A wide variety of organic and inorganic polymers, both natural and synthetic, may be employed as the material for immobilizing organophosphatases such as OPH or paraoxonase. Illustrative polymers include polyethylene, polypropylene, polymethacrylate, polyacrylate, rayon, nylon, cellulose, nitrocellulose, and polyvinylidene fluoride. The immobilized organophosphatase can be quantified by contacting with a compound of the present invention.

In a further embodiment, the present invention provides a method for monitoring decontamination of the environment of OPs. The extract of the soil treated with paraoxonase (for decontamination) can be contacted with a compound of the present invention, and the fluorescence produced can be an indication of the completeness of decontamination. In a still further embodiment, the compound of the present invention can be employed to identify soil-dwelling micro-organisms or plants which express either OPH and/or paraoxonase.

In a further embodiment the organophosphatase is coupled to a secondary structure such as an antibody with specificity for an alternative target such that the secondary structure binds to its target to form a organophosphatase-secondary structure: target complex. The organophosphatase may then be used as a reporter protein and the presence of the organophosphatase-secondary structure: target complex identified using the substrates or compounds of the present invention.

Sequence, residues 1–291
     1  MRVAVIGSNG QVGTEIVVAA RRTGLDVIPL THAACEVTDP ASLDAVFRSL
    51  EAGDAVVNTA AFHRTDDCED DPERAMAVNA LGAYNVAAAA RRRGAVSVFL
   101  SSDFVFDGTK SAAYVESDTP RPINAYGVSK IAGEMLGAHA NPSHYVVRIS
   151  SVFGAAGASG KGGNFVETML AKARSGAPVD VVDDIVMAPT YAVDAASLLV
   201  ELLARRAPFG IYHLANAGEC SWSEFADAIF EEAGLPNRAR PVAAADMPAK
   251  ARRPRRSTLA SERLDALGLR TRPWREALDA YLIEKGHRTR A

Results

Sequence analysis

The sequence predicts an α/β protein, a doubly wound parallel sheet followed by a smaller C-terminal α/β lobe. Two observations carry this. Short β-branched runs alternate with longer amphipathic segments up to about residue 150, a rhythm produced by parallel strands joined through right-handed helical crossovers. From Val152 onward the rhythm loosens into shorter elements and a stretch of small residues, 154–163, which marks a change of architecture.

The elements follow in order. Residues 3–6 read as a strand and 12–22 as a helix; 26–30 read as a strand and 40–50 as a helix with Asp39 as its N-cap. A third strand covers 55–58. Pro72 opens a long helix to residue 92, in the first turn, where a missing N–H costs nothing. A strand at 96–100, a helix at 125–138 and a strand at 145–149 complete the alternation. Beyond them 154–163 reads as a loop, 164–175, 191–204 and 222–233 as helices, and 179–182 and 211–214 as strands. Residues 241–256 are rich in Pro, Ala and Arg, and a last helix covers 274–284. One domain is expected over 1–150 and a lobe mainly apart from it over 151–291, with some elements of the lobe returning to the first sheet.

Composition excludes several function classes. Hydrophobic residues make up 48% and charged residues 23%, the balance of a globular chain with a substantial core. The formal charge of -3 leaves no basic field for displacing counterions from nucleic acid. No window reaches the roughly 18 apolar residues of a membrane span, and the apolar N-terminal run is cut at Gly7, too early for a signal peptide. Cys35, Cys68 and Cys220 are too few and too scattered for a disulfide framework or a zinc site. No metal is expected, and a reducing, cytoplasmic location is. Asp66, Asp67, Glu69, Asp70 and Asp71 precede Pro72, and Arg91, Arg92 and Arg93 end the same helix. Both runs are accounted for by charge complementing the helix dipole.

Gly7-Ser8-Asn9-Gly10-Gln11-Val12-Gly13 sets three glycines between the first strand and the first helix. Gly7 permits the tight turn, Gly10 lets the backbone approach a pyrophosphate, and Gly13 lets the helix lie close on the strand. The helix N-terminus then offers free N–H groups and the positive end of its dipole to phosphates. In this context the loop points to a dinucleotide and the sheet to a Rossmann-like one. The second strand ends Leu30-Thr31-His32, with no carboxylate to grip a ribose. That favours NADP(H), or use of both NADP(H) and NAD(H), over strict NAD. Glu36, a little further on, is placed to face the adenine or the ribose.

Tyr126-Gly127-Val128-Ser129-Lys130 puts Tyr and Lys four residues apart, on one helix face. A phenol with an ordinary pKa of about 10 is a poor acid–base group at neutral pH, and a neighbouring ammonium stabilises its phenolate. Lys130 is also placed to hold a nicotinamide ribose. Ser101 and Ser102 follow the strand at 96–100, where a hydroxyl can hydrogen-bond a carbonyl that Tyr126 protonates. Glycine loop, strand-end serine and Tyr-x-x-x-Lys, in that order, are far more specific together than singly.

In a further embodiment, the PON1 gene is co-transfected with another protein of interest and used as a reporter gene for expression of the target protein. In a still further embodiment, the PON1 gene is under the control of different promoters and the fluorescent substrate used to determine the activity of different promoters.

In a further embodiment, the OPH gene is co-transfected with another protein of interest and used as a reporter gene for expression of the target protein. In a still further embodiment, the OPH gene is under the control of different promoters and the fluorescent substrate used to determine the activity of different promoters.

In a further embodiment the substrate is added to cells incubated with different molecules that may up-regulate the PON1 promoter and hence the expression of paraoxonase. Up-regulators of paraoxonase expression are identified by the increase in fluorescent signal in the presence of paraoxonase substrate. These regulators may affect signal transduction pathways that ultimately result in up-regulation of the gene promoter.